Last Updated: 2011-12-26 00:44:40 UTC
by Deborah Hale (Version: 1)
As 2011 draws to a close I am reflecting on the "compromised" computers that I have dealt with in the last few months. In April I went to work for a company that is the IT Department for a number of small businesses in our area. One of the things that I do is deal with machines that "are not working correctly". The majority of the complaints were first identified with "Security Popups". These were pretty easy ones to identify - AntiMalware 2011, AntiVirus 2011, and the latest one Security System (vclean.exe). In all of these cases the users said that they were on a website and clicked on a link or an image file. They said that the computer immediately started popping up with various messages about computer instability. I have found that most of these types of infections are easy to cleanup and most required simple Malware Bytes and a good anti-virus program to clean them up.
Others have not been so easy. I have dealt with several that had been infected that had some or all of the files on the hard drive hidden. These are the difficult ones to deal with. Tools like Combo Fix are required to even identify these infected files. I have found several "tools" that have helped with the identification and removal.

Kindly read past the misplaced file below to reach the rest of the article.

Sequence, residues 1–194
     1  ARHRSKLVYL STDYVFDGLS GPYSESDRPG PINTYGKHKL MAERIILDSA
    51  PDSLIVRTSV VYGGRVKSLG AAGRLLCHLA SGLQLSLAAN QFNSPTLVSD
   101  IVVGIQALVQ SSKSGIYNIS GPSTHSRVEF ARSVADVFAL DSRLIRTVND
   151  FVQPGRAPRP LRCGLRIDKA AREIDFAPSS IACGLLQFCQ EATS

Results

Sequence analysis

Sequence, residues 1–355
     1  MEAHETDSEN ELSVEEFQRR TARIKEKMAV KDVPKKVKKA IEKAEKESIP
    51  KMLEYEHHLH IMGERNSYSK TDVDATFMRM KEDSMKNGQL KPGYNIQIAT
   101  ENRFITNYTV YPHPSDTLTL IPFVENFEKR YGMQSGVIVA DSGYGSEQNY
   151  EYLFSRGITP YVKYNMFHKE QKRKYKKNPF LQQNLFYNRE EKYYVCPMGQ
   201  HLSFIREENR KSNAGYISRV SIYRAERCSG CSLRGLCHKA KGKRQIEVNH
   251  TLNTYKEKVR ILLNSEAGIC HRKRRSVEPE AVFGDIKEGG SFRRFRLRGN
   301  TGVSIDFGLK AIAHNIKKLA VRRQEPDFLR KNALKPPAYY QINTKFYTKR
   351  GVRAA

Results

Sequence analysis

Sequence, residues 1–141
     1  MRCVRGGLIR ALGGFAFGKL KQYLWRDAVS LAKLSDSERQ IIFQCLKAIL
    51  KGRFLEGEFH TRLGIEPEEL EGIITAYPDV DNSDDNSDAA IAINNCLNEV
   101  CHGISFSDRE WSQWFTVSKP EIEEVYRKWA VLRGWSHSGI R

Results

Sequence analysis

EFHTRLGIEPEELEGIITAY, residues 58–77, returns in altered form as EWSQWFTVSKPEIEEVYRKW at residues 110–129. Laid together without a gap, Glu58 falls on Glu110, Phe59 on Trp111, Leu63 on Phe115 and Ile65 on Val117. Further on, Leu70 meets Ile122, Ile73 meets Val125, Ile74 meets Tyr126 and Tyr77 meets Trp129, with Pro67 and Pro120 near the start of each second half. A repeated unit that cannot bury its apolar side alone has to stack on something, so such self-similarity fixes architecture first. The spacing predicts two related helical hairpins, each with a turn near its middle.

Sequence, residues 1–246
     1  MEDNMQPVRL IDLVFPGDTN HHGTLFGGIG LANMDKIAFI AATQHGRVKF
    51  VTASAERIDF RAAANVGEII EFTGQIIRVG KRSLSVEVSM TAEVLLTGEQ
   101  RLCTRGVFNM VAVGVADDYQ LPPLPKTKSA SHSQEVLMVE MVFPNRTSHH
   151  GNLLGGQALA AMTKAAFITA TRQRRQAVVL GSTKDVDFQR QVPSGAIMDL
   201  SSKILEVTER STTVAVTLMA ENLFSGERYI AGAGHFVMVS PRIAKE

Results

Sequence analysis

I have also had several machines that were unable to install Windows updates. The customer has no recollection of any virus infection - the updates just stopped working with a pretty generic error. On the first machine I worked with Microsoft to attempt to figure out what was going on. After several back and forth emails and following procedures provided by Microsoft I discovered that the directory used to write temp install files and install logs was "missing". It looked like the directory had been deleted however, if I searched for the file I would find older versions of the log files. Continuing to investigate I discovered that the directories and files had been changed to hidden and read only when using the attrib command. Running the UNHIDE.EXE tool returned the file structure to normal. I ran the Windows updates again and all was well. Running a virus scan and MalwareBytes scan several malicious files were detected and removed.
Some of the machines have not been so easy. Cases were operating system files, network files, and other critical files had been altered are best handled by a format and reload. Formatting and reloading requires that the customer have the original install CD's.
My goal for 2012 is to educate all of our small business customers on the importance of Windows Updates and having a good Anti-virus program. Having these two items go along way in minimizing the number of "compromised" computers the customer will have to deal with.